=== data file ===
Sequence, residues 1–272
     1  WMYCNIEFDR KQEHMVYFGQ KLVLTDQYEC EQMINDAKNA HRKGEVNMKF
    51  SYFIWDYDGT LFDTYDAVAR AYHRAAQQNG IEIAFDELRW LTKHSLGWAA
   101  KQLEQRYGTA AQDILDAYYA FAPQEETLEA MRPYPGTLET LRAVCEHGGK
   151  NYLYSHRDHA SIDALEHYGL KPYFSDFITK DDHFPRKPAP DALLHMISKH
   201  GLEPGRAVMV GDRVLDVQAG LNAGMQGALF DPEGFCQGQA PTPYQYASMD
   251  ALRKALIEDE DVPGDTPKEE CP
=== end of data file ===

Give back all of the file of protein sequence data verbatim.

Sequence, residues 1–272
     1  WMYCNIEFDR KQEHMVYFGQ KLVLTDQYEC EQMINDAKNA HRKGEVNMKF
    51  SYFIWDYDGT LFDTYDAVAR AYHRAAQQNG IEIAFDELRW LTKHSLGWAA
   101  KQLEQRYGTA AQDILDAYYA FAPQEETLEA MRPYPGTLET LRAVCEHGGK
   151  NYLYSHRDHA SIDALEHYGL KPYFSDFITK DDHFPRKPAP DALLHMISKH
   201  GLEPGRAVMV GDRVLDVQAG LNAGMQGALF DPEGFCQGQA PTPYQYASMD
   251  ALRKALIEDE DVPGDTPKEE CP